When I think of rats I mainly think of the gross rodents carrying the Bubonic plague. I never really connected how rats domestication and alterations over time paralleled with urbanization and human development. Burt talks about how powerful and destructive rats can be and that the major way to control their populations is because they end up self destructing and eating their own. Rats and mice show up in historical/biblical/ancient references but are generally considered sewage rodents and not are not cared for like other “cuter”animals. However, there contributions to science and discovery is something we should be very thankful as a species for. “The bioengineered mouse,” Donna Haraway recently wrote, “is simulataneously a metaphor, a technology, and a beast living out its many layered life as best it can.” Indeed, in order for this creature to be able to live its life at all, it must inhabit a technosciencetific reality that is perhaps inevitable, perhaps not-but its most certainly a world of our own making. This was an interesting summary of part of the Rader article because of how humans have redefined and controlled the role of rats. We have almost created a new type of rat altogether, except instead of using it for food/dairy we use it for medial advancements in our own species. Where would science be without the lab rat?
2 thoughts on “Rats”
I definitely find your associations with rats interesting. I agree that rats have a certain picture in my mind, but isn’t it interesting that many of us have this image without ever having seen a real rat?? I’m not sure that I’ve ever seen, as you mention, a rat running into a sewer, other than in movies. These ideas are so greatly intertwined into our culture that we’re not even sure what their origins are anymore. And as you stated, in reality, rats have contributed so much to scientific research. And even in that context, they’re often portrayed in movies as becoming mutants or getting violently ill when treated with a harmful toxin. And the image doesn’t horrify us because they’re only dirty, useless rats, right? I think wrong, as I believe you do, too.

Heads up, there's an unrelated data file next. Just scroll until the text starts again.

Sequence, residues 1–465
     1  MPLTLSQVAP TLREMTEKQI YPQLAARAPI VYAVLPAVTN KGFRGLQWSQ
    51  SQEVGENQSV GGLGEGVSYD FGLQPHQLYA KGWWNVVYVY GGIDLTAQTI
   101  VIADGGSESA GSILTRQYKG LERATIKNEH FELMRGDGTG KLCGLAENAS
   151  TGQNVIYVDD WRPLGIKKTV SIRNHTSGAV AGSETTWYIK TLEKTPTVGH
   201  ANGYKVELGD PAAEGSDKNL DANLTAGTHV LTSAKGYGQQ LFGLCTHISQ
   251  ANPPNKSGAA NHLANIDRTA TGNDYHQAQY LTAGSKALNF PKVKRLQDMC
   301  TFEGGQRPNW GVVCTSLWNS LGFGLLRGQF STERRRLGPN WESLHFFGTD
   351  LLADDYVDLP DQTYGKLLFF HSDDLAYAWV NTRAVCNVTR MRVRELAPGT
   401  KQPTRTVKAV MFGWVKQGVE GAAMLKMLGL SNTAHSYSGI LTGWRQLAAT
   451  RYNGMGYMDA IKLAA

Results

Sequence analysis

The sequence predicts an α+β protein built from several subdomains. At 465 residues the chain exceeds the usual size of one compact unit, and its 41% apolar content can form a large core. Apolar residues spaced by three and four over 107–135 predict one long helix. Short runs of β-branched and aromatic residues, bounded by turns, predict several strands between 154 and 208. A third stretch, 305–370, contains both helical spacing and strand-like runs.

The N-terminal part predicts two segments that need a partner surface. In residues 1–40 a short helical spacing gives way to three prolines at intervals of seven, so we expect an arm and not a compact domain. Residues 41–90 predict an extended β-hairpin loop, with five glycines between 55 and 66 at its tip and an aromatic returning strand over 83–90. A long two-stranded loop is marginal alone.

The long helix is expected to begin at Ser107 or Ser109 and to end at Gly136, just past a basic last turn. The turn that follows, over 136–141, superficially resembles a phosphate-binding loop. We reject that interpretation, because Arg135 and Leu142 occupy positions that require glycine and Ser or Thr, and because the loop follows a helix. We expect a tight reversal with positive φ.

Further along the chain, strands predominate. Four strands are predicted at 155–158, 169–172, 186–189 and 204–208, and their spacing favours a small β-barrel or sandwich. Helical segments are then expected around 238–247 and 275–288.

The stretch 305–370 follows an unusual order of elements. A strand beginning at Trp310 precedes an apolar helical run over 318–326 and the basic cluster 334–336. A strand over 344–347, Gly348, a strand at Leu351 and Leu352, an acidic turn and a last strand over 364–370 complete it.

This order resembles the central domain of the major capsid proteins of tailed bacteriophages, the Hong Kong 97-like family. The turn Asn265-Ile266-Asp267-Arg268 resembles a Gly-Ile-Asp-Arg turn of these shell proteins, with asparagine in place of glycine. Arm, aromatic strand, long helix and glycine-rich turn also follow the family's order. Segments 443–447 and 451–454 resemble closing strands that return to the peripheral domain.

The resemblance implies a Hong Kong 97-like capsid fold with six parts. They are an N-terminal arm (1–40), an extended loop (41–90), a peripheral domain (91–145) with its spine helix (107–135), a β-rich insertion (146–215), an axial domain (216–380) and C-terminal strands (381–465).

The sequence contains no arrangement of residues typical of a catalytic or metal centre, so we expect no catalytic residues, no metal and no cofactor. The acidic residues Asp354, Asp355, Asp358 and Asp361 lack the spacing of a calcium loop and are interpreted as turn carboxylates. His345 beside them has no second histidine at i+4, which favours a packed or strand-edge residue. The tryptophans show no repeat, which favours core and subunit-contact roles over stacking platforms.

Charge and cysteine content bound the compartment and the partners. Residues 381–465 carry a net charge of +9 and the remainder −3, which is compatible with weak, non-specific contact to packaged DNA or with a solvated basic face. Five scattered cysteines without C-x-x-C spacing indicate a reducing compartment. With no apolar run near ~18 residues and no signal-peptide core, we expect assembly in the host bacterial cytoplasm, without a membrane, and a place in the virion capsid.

That’s a very good point about most of us not seeing rats in the context we associate them. But, then again, most of us have never been in space to see that the continents are arranged the way we see them on a map, either.